That remarkable man, Philippus Aureolus Bombast von Hohenheim, known as Theophrastus Paracelsus, was born in this house on November 10, 1493.

His medieval mind and questing spirit would not take it amiss if, in respectful remembrance of the customs of his day, we first glance at the position of the sun at the time of his birth.

It stood in the sign of Scorpio, a sign that, according to ancient tradition, was favourable to physicians, the ministers of poisons and of healing.

The ruler of Scorpio is the proud and bellicose Mars, who endows the strong with warlike courage and the weak with a quarrelsome and irascible disposition.

The course of Paracelsus’s life certainly did not belie his nativity.

Turning now from the heavens to the earth on which he was born, we see his parents’ house embedded in a deep, lonely valley, darkly overhung by woods, and surrounded by the somber towering mountains that shut in the moorlike slopes of the hills and declivities round about melancholy Einsiedeln.

The great peaks of the Alps-rise up menacingly close, the might of the earth visibly dwarfs the will of man; threateningly alive, it holds him fast in its hollows and forces its will upon him.

Here, where nature is mightier than man, none escapes her influence; the chill of water, the starkness of rock, the gnarled, jutting roots of trees and precipitous cliffs—all this generates in the soul of anyone born there something that can never be extirpated, lending him that characteristically Swiss obstinacy, doggedness,

That remarkable man, Philippus Aureolus Bombast von Hohenheim, known as Theophrastus Paracelsus, was born in this house on November 10, 1493.

His medieval mind and questing spirit would not take it amiss if, in respectful remembrance of the customs of his day, we first glance at the position of the sun at the time of his birth.

It stood in the sign of Scorpio, a sign that, according to ancient tradition, was favourable to physicians, the ministers of poisons and of healing.

The ruler of Scorpio is the proud and bellicose Mars, who endows the strong with warlike courage and the weak with a quarrelsome and irascible disposition.

The course of Paracelsus’s life certainly did not belie his nativity.

Turning now from the heavens to the earth on which he was born, we see his parents’ house embedded in a deep, lonely valley, darkly overhung by woods, and surrounded by the somber towering mountains that shut in the moorlike slopes of the hills  nd declivities round about melancholy Einsiedeln.

 

The great peaks of the Alps-rise up menacingly close, the might of the earth visibly dwarfs the will of man; threateningly alive, it holds him fast in its hollows and forces its will upon him.

 

Here, where nature is mightier than man, none escapes her influence; the chill of water, the starkness of rock, the gnarled, jutting roots of trees

and precipitous cliffs—all this generates in the soul of anyone born there something that can never be extirpated, lending him that characteristically Swiss obstinacy, doggedness,

 

that lays claim to the potestas patris, as if it were his own father’s adversary.

 

What the father lost or had to relinquish—success, fame, a free-roving life in the great world—he will have to win back again.

 

And, following a tragic law, he must also fall out with his friends, as the predestined consequence of the fateful bond with his only friend, his father—for psychic endogamy is attended by heavy punishments.

 

As is not uncommon, nature equipped him very badly for the role of avenger.

 

Instead of an heroic figure fit for a rebel, she gave him a stature of a mere five feet, an unhealthy appearance, an upper lip that was too short and did not quite cover his teeth (often the distinguishing mark of nervous people), and, so it seems, a pelvis that struck everybody by its femininity when,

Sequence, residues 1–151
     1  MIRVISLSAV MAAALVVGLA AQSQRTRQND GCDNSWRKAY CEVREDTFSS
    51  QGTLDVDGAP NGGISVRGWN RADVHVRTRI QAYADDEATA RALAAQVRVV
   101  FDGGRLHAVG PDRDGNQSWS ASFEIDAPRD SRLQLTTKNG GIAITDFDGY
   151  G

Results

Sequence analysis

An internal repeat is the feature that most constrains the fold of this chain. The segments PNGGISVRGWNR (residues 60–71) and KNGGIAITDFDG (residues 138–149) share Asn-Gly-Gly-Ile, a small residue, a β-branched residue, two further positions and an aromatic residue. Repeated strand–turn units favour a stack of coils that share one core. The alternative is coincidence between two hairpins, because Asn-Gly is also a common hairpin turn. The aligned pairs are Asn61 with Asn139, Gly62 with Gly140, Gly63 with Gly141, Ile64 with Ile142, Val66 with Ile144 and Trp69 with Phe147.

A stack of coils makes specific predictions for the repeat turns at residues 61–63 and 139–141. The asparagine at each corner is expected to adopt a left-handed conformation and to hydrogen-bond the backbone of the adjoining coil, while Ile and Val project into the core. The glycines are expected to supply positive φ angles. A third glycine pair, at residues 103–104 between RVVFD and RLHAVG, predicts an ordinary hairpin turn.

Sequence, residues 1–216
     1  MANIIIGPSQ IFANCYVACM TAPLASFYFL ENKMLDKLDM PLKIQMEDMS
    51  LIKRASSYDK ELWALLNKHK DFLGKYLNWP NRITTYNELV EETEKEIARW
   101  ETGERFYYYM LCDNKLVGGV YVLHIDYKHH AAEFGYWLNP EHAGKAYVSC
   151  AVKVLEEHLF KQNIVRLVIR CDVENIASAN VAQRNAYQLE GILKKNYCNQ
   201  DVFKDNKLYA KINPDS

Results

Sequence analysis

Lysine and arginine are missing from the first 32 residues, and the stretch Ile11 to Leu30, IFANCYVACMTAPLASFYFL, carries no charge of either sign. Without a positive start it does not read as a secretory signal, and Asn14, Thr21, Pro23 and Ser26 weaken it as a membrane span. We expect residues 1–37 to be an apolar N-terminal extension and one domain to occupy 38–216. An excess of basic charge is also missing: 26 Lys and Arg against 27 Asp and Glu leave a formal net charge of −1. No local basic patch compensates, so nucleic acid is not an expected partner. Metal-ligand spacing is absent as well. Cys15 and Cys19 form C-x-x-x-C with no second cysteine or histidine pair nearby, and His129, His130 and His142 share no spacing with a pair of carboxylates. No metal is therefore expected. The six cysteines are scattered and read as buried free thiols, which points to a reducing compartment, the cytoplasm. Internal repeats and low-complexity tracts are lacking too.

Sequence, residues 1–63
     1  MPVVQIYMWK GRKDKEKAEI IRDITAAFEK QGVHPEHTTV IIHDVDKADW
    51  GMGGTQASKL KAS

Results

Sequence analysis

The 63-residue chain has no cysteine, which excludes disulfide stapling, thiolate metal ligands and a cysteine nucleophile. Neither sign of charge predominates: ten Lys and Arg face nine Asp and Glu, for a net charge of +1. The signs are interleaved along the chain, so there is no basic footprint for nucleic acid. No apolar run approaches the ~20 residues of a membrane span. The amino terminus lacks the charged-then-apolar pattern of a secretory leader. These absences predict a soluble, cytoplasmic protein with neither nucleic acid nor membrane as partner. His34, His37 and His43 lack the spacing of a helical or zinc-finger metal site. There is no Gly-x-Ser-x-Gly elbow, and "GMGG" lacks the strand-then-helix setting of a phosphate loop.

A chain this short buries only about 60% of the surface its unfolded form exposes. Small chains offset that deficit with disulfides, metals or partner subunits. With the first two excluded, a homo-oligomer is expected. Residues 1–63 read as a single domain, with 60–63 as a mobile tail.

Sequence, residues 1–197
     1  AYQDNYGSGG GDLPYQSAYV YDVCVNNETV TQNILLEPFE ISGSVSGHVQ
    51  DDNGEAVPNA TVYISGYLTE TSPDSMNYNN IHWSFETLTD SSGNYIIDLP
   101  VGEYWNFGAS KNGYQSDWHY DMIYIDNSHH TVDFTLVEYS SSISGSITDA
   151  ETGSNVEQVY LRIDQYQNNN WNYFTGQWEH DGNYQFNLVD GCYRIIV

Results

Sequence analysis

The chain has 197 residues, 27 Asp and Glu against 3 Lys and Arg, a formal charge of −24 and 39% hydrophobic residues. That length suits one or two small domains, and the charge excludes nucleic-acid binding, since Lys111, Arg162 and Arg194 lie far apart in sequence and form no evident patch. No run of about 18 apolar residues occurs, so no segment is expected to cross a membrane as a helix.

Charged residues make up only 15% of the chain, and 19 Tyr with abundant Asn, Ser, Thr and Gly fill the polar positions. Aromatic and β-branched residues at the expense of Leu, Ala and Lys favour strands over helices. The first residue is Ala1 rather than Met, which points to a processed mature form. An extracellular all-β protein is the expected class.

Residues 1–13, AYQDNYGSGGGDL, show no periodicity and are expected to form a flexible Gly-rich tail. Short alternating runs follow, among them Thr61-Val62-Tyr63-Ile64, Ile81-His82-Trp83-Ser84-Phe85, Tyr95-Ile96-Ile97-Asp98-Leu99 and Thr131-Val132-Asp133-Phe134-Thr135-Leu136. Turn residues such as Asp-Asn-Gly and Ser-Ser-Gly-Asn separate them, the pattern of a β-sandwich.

in the nineteenth century, his bones were exhumed in Salzburg.

 

3 There is even a legend that he was a eunuch, though to my knowledge there is no further evidence of this.

 

At all events,  love seems never to have woven her roses into his earthly life, and he had no need of their thorns, since his character was

prickly enough as it was.

 

Hardly had he reached an age to bear arms than the little man buckled on a sword much too big for him, from which he seldom let himself be parted, the less so because, in its ballshaped pommel, he kept his laudanum pills, which were his true arcanum.

 

Thus accoutred, a figure not entirely lacking in comedy, he set forth into the wide world on his amazing and hazardous journeys which took him to Germany, France, Italy, the Netherlands, Denmark, Sweden, and Russia.

 

An eccentric thaumaturge, almost a second Apollonius of Tyana, he is supposed, according to legend, to have travelled to Africa and Asia, where he discovered the greatest secrets.

 

He never undertook any regular studies, as submission to authority was taboo to him.

 

He was a self-made man, who devised for himself the apt motto Alterius non sit, qui suus esse potest right and proper Swiss sentiment.

 

All that befell Paracelsus on his endless journeys must remain forever in the realm of conjecture, but probably it was a constant repetition of what happened to him in Basel.

 

In 1525, already famed as a physician, he was summoned to Basel by the town council, the latter evidently acting in one of those rare fits of clear-headedness which now and then occur in the course of history, as the appointment of the youthful Nietzsche also shows.

 

The appointment of Paracelsus had a somewhat distressing background, as Europe at that time was suffering under an unexampled epidemic of syphilis which had broken out after the Neapolitan campaign.

 

Paracelsus occupied the post of a town physician, but he comported himself with a lack of dignity not at all to the taste of the university or of the worshipful public.

 

He scandalized the former by giving his lectures in the language of stable-boys and scullions, that is, in German; the latter he outraged by appearing in the street, not in his robe of office, but in a labourer’s jerkin.

 

Among his colleagues he was the best hated man in Basel, and not a hair was left unscathed in his medical treatises.

 

He was known as the “mad bull,” the “wild ass of Einsiedeln.”

 

He gave it all back, and more, in studiedly obscene invective, a far from edifying spectacle.

 

In Basel, fate dealt him a blow that struck deep into his life: he lost his friend and favourite pupil, the humanist Johannes Oporinus, who meanly betrayed him and supplied his enemies with the most powerful ammunition.

 

Afterwards, Oporinus himself regretted his disloyalty, but it was too late; the damage could never be mended.